For SpaceUpClose.com & RocketSTEM
TITUSVILLE, FL – SpaceX engineers completed a successful morning time static fire test of the now 5 times recycled Falcon 9 first stage and engines on Wednesday, May 13 for the upcoming eighth Starlink launch of broadband internet satellites now targeting Sunday middle-of-the-night from the Florida Space Coast – although stormy weather could intervene.
Furthermore and rather remarkably under current plans SpaceX’s Falcon 9 launch on Sunday would comprise the second half of a double header of weekend launches from Florida following less than 1 day after a ULA Atlas V launch of the secretive X37-B spaceplane for the new United States Space Force on Saturday morning.
The double header of launches is set to take place amidst the ongoing coronavirus pandemic that has forced closures of public places, schools and travel hubs all across the US and the world – but not forced a rocket cancellation for this mission.
Other rocket launches including those scheduled for the US Air Force have been delayed precisely due to requirements for mitigating the coronavirus that has now claimed the lives of more than 85,000 Americans.
The brief static fire test of the recycled Falcon 9 rocket with the nose cone attached was carried out precisely at 10 a.m. (1400 GMT), Wednesday, May 13 at Space Launch Complex-40 on Cape Canaveral Space Force Station and appeared to go well.
I watched the breakfast time engine test Wednesday from nearby in Titusville, Fl about a dozen miles away across the Indian River lagoon and observed the exhaust plume and vapor cloud emanating from the bottom of the booster.
Enjoy my eyewitness photos of the static fire test at Space UpClose under beautiful weather conditions with mostly and scattered clouds and minimal haze.
The exhaust was easily visible and wafting overhead and dissipating quickly in the winds about 12 miles away.
Notably this recycled first stage B1049 will launch for the fifth time and attempt a sixth landing as well on the OCISLY droneship.
Rather strangely it took SpaceX over 2 hours to tweet a confirmation of a good test result.
“Static fire test of Falcon 9 complete—targeting Sunday, May 17 at 3:53 a.m. EDT, 7:53 UTC, for launch of the eighth Starlink mission, which will lift off from SLC-40 in Florida,” SpaqceX tweeted.
“The first stage rocket booster supporting this mission previously launched two Starlink missions, as well as the Iridium-8 and Telstar 18 VANTAGE missions.”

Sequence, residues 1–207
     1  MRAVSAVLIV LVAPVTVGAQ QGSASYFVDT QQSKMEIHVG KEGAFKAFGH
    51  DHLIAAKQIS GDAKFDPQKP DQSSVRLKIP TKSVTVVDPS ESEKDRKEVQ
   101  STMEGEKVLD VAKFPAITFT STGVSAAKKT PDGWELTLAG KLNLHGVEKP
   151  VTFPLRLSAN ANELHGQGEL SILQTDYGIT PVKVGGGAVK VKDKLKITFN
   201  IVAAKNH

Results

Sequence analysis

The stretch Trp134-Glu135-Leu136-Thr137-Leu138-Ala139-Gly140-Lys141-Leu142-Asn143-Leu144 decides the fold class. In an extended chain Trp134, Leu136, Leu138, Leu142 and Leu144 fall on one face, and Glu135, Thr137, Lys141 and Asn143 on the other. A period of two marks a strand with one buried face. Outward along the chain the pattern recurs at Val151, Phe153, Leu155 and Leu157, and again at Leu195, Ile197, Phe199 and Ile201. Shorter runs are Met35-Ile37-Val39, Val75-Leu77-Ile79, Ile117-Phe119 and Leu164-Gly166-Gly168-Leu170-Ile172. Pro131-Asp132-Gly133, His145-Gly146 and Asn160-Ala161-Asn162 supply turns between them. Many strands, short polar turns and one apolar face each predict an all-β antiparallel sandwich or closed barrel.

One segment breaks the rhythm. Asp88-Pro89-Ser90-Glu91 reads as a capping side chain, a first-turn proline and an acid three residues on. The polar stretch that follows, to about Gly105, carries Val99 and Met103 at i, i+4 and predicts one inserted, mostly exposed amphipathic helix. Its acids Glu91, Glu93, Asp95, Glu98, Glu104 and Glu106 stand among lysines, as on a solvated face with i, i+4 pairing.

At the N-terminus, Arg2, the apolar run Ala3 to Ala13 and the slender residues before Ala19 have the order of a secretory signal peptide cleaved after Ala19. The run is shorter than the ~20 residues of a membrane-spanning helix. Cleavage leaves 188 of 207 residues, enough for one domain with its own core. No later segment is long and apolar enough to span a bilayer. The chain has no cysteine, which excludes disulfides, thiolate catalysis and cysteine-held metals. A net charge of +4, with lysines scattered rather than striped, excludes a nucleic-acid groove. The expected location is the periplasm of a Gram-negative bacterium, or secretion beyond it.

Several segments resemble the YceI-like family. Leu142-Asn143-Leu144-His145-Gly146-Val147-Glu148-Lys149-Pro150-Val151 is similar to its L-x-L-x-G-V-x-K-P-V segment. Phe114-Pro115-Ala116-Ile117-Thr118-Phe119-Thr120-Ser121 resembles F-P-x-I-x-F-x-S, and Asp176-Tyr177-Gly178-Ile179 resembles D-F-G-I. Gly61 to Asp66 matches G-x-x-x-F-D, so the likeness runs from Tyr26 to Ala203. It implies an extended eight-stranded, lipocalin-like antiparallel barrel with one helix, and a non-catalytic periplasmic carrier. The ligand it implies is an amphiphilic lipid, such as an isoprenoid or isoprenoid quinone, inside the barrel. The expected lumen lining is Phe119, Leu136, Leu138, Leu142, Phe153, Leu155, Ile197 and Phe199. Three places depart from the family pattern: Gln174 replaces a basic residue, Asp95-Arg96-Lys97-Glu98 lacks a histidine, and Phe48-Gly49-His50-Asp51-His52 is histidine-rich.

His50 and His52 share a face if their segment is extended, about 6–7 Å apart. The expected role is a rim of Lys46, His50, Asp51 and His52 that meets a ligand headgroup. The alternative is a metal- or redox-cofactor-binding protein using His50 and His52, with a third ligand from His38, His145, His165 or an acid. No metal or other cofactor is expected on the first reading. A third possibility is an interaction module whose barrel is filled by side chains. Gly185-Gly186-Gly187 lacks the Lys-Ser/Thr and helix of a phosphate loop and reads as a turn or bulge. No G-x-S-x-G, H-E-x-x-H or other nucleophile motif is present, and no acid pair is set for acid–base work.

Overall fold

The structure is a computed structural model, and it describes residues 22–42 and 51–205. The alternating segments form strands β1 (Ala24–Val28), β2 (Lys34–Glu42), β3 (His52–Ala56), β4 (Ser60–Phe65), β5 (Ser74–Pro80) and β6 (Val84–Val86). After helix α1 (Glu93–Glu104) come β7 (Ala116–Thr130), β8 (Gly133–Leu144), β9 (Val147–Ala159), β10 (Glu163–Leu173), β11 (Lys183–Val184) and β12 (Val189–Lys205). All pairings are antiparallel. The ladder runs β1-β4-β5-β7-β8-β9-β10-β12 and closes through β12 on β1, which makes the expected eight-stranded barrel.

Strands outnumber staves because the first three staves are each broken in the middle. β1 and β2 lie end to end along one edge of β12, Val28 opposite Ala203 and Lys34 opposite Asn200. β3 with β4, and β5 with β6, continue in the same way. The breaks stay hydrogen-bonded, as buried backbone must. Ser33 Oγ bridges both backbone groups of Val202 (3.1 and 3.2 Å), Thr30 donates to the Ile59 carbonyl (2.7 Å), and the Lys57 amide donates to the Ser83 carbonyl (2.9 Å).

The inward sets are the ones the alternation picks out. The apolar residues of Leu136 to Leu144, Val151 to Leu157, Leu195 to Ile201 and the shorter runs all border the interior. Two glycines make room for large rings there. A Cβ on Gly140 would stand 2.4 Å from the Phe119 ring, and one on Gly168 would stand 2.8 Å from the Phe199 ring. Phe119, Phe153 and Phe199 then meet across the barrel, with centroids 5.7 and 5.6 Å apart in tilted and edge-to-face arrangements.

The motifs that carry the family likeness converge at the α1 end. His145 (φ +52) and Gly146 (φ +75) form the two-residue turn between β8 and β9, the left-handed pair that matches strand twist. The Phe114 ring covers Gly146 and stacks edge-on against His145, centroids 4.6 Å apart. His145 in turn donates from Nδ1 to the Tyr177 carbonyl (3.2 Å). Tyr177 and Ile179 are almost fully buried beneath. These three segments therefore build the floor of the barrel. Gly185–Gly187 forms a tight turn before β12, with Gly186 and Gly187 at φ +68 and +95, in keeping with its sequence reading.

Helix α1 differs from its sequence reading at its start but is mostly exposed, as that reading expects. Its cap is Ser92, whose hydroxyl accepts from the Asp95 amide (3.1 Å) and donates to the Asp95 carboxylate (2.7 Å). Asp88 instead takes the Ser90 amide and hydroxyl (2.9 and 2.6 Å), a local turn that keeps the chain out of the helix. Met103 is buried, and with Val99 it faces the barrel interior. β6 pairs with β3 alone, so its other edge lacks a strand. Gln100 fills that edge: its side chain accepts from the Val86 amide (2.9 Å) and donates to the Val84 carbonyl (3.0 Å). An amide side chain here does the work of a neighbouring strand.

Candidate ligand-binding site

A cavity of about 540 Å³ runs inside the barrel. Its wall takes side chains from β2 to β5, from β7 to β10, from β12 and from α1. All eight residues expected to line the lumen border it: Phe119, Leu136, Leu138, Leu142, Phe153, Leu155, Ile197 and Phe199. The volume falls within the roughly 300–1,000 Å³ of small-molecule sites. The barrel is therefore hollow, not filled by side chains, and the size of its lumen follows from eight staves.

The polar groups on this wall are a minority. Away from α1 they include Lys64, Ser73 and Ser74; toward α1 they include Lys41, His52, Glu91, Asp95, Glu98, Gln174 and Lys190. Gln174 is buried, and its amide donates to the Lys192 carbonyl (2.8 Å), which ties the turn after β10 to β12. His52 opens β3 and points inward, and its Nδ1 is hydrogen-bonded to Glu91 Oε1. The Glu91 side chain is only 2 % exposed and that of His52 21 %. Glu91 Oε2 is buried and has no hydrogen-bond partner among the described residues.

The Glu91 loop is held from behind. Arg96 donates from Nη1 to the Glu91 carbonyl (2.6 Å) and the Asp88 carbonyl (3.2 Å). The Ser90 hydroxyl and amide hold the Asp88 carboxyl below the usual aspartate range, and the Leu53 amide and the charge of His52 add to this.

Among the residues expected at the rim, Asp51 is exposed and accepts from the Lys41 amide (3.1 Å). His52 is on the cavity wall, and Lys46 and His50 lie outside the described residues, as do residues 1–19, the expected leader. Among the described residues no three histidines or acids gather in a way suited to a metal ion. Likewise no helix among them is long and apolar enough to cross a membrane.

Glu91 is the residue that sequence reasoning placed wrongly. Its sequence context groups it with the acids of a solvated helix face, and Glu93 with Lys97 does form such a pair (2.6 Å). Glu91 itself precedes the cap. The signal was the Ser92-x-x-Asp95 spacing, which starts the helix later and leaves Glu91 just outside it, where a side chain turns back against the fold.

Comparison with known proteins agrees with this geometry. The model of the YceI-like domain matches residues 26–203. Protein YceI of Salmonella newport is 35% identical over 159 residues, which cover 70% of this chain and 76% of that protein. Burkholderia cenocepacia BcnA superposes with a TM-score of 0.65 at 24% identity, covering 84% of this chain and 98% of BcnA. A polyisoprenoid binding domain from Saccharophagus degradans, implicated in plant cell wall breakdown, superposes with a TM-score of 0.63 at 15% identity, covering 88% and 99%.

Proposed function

The first stage rocket booster supporting this mission previously launched two Starlink missions, as well as the Iridium-8 and Telstar 18 VANTAGE missions pic.twitter.com/rvQ6Mh4ZxZ
— SpaceX (@SpaceX) May 13, 2020
The brief hold down hotfire test of the fully integrated SpaceX Falcon 9 first stage rocket and Merlin 1D engines raised vertical took place at 10 a.m. Wednesday and is routinely done to confirm the readiness of the rocket for launch.
All 9 Merlin 1D first stage engines are ignited to generate approx. 1.7 million pounds of thrust for about 3 seconds or so
The two stage Falcon 9 rocket stands 229 feet (70 meters) tall.
The integrated stack was rolled out from the hangar to pad 40 and raised erect by early Wednesday morning, May 13.
The window is ‘instantaneous’ meaning any delay for weather or technical reason forces a minimum 1 day scrub.
My SpaceX Starlink static fire photos were featured at WKMG CBS 6 TV News Orlando on May 13, 14 and 15:
The payload comprises the eighth batch of 60 SpaceX built and owned Starlink broadband satellites launching to LEO with an overall mass of about 7.7 tons.
The Falcon 9 was previously used to launch two Starlink missions – most recently on Jan. 6 – as well as the Iridium-8 and Telstar 18 VANTAGE.
The Starlink fleet of broadband internet satellites in low Earth orbit will grow to some 480 satellites if all goes well.
Watch Ken’s continuing reports about Artemis and onsite for live reporting of upcoming and recent SpaceX and ULA launches including Starlink, Solar Orbiter, In-Flight Abort, Mars 2020 and more at the Kennedy Space Center and Cape Canaveral Air Force Station.
Stay tuned here for Ken’s continuing Earth and Planetary science and human spaceflight news: www.kenkremer.com –www.spaceupclose.com – twitter @ken_kremer – email: ken at kenkremer.com
Dr. Kremer is a research scientist and journalist based in the KSC area, active in outreach and interviewed regularly on TV and radio about space topics.
Ken’s photos are for sale and he is available for lectures and outreach events